Setting clear and consistent expectations for employees across the organisation, helps to prevent misunderstandings, and employees having to guess what is expected from them. In relation to:
- their specific job, a person’s job description and their employment agreement help set the expectation.
- additional expectations that cover all or many of the employees in a workplace, expectations are set by creating policies, procedures, manuals, rules, codes and guidelines. These support employment agreements by providing information on rights and responsibilities in specific areas (that may or may not be also mentioned briefly in an employment agreement).
Policies, procedures, rules, codes and guidelines:
- can cover a wide range of areas eg conduct, health and safety, workplace change, lateness and absence, IT usage, conflicts of interest and accepting gifts, privacy, training and development, flexible working, managing performance issues, overtime, etc.
- are usually recorded in writing, however some workplace rules may not be written down but have become established as part of custom and practice. It is recommended that unwritten rules be recorded in writing if there have been misunderstandings or issues with staff not following them.
- should never be inconsistent with or contradict employment agreements. If they do, the employment agreement is likely to apply (as long as the relevant clause is reasonable and legal).
Communicating their existence to employees
Many employment agreements contain clauses requiring employees to keep themselves up to date with and follow all workplace policies, procedures and rules. Even if this clause is included in employment agreements, it is recommended that employers bring policies to the attention of new employees, and alert existing employees to any changes or new policies or procedures which are developed.
If a policy or procedure is difficult for an employee to find and it has not been specifically brought to their attention, it may not be reasonable for an employer to try to rely on it if a misconduct issue for not following a policy requirement comes up.
Whether employee (and/or union) consultation is required for policies varies from workplace to workplace; this requirement can arise from being stated in an employment agreement (individual or collective), or can come from a policy itself. It is recommended that employees be consulted with on policies even if this isn’t a formal requirement. This can help to have policy that will be effective and more easily understood.
A procedure explains the way something should be done, for example, the forms that need to be filled out for requesting leave.
There’ll often (but not always) be both a policy and a procedure for a particular topic. For example, health and safety policy might be linked to an accident reporting procedure. The policy might cover:
- the aims of keeping people safe
- taking time off for illness
- achieving a good work-life balance.
‘Code’ can be used as another way of describing a policy, for example, a Code of Conduct is really a policy on acceptable behaviour, a Dress Code is a policy on appropriate dress in the workplace.
Guidelines are often used to guide a person’s thinking in a situation where they have some discretion. Guidelines shouldn’t be prescriptive but provide a framework of things to consider before a person makes a decision.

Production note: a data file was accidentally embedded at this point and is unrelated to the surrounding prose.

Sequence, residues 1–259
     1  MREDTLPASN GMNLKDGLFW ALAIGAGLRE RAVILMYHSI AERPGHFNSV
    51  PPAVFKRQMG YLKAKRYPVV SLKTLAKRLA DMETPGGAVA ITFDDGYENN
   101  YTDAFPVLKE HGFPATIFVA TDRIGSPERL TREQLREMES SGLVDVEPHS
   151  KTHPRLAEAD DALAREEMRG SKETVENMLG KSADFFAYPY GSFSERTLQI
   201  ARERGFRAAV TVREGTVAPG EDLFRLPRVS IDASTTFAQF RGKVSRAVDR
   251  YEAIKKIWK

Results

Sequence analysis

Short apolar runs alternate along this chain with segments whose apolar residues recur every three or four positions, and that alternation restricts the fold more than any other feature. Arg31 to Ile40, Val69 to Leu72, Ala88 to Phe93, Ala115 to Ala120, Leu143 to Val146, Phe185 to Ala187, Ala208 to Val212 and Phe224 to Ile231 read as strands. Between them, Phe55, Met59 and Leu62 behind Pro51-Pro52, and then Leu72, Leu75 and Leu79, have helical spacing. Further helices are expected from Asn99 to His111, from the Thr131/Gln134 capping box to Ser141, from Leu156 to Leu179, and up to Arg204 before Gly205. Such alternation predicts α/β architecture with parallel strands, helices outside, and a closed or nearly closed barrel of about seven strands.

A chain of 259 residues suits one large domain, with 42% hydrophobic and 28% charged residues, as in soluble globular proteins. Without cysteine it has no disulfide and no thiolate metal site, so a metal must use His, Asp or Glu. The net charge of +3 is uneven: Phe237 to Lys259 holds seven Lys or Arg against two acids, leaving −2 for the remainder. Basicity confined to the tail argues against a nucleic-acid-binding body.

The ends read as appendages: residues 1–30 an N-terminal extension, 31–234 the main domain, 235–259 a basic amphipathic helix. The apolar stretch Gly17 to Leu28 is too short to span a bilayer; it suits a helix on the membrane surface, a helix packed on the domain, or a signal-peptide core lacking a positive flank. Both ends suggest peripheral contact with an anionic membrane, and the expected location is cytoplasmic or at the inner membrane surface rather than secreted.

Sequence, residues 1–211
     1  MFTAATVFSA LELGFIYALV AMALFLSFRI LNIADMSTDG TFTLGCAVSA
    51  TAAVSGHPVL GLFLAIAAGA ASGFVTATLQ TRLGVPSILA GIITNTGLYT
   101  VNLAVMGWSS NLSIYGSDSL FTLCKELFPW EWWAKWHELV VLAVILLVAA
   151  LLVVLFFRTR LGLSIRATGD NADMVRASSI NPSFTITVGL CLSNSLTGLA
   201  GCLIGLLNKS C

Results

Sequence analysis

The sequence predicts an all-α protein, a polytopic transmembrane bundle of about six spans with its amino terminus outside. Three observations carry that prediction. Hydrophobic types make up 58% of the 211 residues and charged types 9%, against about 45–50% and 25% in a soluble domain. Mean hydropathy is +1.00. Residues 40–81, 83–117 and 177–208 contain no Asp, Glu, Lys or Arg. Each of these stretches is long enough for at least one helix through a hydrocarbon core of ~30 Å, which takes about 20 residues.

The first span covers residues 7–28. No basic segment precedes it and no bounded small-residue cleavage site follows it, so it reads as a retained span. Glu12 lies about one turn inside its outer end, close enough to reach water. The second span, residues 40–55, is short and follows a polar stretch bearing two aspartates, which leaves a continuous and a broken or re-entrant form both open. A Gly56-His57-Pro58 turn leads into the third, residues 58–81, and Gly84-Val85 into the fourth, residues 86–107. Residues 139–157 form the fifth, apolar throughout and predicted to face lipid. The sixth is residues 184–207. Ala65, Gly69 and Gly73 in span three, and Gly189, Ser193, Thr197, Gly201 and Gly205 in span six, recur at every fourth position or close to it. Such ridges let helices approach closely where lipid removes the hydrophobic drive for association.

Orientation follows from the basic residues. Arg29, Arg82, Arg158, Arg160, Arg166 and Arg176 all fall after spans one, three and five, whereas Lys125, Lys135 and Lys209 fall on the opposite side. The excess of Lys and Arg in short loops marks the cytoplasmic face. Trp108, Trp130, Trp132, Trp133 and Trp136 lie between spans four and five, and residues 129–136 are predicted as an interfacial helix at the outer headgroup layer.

Writing policies, procedures, codes, rules and guidelines
As an employer, when writing policies. Do:
- think about your organisation’s requirements.
- think about issues that have come up in the past, and how you might avoid them happening again.
- think about any questions you have had from staff – “How do I...?”, “Can I...?", “Am I allowed to...?”, “What would happen if I...?”.
- consider policies and procedures that you know other employers in your industry have that might be useful.
- ask your employees (and unions) if they think that there are gaps or areas that could be clarified by policy, procedure etc.
- think about any legislation or common law that may apply to this area, check with your legal advisors if you aren’t sure.
- think about what is fair and reasonable.
- think about the workplace culture you want to maintain or create.
- think about how you will make sure that people follow the document you’ve created.
- use relevant documents other people have written as a starting point if you are stuck (but make sure that what you come up with suits your own organisation).
- assume that just because you know what you want your employees to do in a particular area that they will think the same way that you do.
- produce paperwork and rules for the sake of it, all your policies should be needed, for example, if you don’t issue company credit cards, you don’t need a credit card usage policy even if you had one in a previous organisation.
When the policy, procedure, code, rule or guideline is drafted:
- you should generally ask staff and unions to give you feedback (unless the procedure etc. is minor or has no room for flexibility or changes), and consider their views before you release the final version.
- bring the document to the attention of staff who have to follow it (and send a copy to the union); this can be done in many ways, for example, by displaying it on staff noticeboards and on the organisation intranet, discussing it in team meetings and putting it in manuals that all staff have access to, emailing it to staff or giving them hardcopies.
- diarise a suitable review date to make sure that it is still fit for purpose.
Identifying labour rights issues in your supply chain
Businesses need to put in place systems and processes to identify and mitigate labour rights issues in their businesses and supply chains. This documents provides initial steps that can be taken to tackle these risks.